3D-Printed Hilbert Curve Absorbers

Fused filament fabrication (FFF) 3D printers are good for many things,1 but production of sharp points is not among those strengths. Thus, the traditional structure of millimeter wave absorbers—a periodic array of square pyramids—is poorly suited for production via FFF printers. Millimeter wave absorbers serve a crucial role in Cosmic Microwave Background (CMB) telescopes by terminating stray light, which is necessary for reducing systematic errors. Not only are the points difficult to produce; they’re also fragile, since a print is generally weakest along its layer lines. Thus, a new geometry was needed, as is detailed in my paper titled A 3D-printed broadband millimeter wave absorber.

Space-filling curves such as the Hilbert curve completely fill the unit square. Furthermore, the Hilbert curve can be described by a sequence of physically realizable geometric approximations. Tracing a wedge along such an approximation creates a geometry with similar optical properties as a pyramidal array but with enhanced mechanical robustness. Importantly, this geometry can be printed without repeatedly starting and stopping extrusion, making it well suited for FFF printers.

Hilbert Curve Absorber (Detail)

Hilbert Curve Absorber

When such a geometry is printed out of a carbon-loaded plastic, it makes a reasonably effective millimeter wave absorber. A prototype was manufactured out of a conductive HIPS filament2 and was measured to have sub-percent reflection in the frequency range 63–215 GHz. Proto-pasta’s off-the-shelf Conductive PLA filament also works to an extent, but it’s too conductive for this use, which results in increased reflection. When printing the bottom layers of the model, aligning the fill lines with the sides of the square instead of on the diagonal seems to make the print less likely to prematurely peel off of the print bed. For the HIPS, using a higher bed temperature for the bottom layer may also help, but if too high a bed temperature is maintained for the rest of the print, the print ends up with some undesirable waviness in the wedge cross section.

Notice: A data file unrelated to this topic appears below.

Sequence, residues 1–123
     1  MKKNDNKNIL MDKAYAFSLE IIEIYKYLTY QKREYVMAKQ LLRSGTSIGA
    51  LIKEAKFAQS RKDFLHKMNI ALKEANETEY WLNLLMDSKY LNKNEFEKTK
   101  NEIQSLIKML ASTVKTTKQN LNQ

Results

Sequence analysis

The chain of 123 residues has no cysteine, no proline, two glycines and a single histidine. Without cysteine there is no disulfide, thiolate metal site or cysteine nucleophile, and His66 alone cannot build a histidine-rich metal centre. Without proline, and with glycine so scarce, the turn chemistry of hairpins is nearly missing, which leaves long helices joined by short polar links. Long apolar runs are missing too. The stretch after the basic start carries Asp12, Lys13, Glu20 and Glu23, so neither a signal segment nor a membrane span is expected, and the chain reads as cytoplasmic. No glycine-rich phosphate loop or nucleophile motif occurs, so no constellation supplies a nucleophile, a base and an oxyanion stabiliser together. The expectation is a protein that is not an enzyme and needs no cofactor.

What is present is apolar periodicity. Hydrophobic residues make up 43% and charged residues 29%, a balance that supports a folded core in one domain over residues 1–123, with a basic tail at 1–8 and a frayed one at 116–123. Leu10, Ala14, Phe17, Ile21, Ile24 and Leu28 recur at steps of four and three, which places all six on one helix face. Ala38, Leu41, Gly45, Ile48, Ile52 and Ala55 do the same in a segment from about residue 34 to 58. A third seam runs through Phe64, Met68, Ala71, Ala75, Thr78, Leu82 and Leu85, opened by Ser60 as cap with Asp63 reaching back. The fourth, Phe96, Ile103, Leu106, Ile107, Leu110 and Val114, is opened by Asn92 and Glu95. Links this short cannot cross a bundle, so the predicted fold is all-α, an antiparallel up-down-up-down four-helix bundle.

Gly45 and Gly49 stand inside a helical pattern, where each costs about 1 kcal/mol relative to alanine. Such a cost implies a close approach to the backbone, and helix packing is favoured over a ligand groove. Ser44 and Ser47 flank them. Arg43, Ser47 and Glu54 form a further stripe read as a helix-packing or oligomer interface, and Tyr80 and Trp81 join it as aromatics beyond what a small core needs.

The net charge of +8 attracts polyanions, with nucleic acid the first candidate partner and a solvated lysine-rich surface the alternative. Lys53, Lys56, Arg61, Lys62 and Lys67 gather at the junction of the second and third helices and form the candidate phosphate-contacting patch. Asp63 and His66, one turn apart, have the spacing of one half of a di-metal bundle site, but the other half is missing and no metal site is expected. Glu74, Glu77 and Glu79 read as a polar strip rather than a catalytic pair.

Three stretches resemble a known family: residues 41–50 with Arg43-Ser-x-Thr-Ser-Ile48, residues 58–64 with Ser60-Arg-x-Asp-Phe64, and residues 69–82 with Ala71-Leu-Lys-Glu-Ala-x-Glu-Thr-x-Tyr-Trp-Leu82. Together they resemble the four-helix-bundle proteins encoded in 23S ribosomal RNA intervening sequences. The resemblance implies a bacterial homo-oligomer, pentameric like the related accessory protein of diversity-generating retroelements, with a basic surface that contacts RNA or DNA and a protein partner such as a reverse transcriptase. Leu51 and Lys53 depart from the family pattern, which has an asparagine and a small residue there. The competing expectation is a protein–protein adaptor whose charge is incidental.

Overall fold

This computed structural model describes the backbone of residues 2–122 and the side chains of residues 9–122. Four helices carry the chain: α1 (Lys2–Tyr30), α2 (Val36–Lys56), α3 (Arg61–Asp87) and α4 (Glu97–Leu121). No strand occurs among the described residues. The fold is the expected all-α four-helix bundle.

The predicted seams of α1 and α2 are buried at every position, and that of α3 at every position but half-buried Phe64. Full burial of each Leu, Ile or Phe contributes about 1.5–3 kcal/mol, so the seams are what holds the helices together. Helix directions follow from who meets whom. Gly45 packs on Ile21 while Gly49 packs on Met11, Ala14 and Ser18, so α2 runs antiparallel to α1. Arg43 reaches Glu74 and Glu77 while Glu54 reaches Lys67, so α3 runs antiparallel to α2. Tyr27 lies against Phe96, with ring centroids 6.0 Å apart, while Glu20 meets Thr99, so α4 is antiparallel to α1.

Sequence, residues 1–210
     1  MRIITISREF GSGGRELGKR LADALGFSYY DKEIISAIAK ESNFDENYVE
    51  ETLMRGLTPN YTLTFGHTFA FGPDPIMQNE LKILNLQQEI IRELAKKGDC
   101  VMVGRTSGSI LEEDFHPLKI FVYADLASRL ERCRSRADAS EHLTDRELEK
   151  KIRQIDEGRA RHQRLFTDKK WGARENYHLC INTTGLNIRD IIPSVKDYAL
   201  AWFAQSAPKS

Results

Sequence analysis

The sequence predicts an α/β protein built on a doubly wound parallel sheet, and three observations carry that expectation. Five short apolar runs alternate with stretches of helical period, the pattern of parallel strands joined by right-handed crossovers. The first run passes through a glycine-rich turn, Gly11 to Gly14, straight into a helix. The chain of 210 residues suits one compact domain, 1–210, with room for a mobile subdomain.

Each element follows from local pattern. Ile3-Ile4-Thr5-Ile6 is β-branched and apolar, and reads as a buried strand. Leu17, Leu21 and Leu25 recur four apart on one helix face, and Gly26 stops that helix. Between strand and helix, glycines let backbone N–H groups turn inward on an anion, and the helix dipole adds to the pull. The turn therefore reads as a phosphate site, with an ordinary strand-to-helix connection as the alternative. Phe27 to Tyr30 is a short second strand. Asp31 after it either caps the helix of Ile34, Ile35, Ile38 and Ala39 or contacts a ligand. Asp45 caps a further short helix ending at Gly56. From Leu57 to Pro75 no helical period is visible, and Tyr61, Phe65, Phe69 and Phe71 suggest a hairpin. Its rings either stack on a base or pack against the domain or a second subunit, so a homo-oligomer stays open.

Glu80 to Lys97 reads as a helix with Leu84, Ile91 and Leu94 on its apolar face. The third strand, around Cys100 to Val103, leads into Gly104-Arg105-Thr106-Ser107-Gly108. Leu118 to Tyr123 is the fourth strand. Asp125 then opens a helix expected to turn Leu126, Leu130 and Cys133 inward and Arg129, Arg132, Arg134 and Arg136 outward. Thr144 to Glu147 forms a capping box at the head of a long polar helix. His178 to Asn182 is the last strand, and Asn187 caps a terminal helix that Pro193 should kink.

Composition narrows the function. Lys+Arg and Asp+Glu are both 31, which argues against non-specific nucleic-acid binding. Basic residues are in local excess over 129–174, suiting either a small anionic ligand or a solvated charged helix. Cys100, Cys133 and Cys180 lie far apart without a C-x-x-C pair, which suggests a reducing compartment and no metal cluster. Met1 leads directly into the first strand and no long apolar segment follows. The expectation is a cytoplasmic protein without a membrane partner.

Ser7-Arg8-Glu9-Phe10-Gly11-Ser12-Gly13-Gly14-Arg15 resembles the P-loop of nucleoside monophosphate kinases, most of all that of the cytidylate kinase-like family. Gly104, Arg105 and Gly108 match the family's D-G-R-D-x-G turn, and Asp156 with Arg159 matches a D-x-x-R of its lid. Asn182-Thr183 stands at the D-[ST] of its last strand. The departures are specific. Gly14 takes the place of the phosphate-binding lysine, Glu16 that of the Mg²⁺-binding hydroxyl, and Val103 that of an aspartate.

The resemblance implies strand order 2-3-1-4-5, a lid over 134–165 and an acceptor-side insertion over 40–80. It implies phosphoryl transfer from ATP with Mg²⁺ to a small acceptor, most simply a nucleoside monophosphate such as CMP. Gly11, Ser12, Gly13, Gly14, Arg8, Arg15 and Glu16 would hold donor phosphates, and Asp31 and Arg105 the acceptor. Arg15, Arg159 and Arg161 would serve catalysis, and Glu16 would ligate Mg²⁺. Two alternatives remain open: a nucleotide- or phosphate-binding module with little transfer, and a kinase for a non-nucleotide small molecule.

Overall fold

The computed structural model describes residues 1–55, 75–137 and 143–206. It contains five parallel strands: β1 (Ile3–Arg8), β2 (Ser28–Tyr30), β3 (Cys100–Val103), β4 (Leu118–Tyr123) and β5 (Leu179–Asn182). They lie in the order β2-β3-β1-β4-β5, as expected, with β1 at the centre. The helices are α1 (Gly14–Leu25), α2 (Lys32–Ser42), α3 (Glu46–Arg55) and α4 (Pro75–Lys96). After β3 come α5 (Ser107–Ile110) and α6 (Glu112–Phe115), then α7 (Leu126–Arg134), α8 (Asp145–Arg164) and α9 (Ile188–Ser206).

The Hilbert curve is not the only space-filling curve that works in this application. The 37a-1 generalized Gosper curve,3 which roughly fills a regular hexagon, was also prototyped, as it can more easily tile the interior of a circle. Various other space-filling curves, such as the Peano curve, could work in some applications, but they may not have a uniform polarization response, an important property of absorbers used in polarization-sensitive CMB instruments.

The code for producing the Hilbert curve geometry was written using CadQuery. The code and resulting solid models are available from DOI:10.5281/zenodo.1322839. See the paper, arXiv:1808.00820, for more details.

37a-1 Gosper Curve Absorber

37a-1 Gosper Curve Absorber (Detail)

  1. A LulzBot TAZ 6, in this case. 

  2. PS-715 from Modern Dispersions, Inc. 

  3. Fukuda, Hiroshi, Michio Shimizu, and Gisaku Nakamura. “New Gosper space filling curves.” In Proceedings of the International Conference on Computer Graphics and Imaging (CGIM2001), vol. 34, p. 34–38. 2001. 

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